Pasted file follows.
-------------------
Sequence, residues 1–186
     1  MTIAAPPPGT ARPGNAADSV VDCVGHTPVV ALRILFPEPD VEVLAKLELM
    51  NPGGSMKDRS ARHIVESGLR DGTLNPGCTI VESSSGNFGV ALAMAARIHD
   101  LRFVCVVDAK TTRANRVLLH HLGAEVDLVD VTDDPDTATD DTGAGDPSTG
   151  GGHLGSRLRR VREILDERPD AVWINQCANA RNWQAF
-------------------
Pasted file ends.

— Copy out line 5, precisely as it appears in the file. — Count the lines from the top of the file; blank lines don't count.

   151  GGHLGSRLRR VREILDERPD AVWINQCANA RNWQAF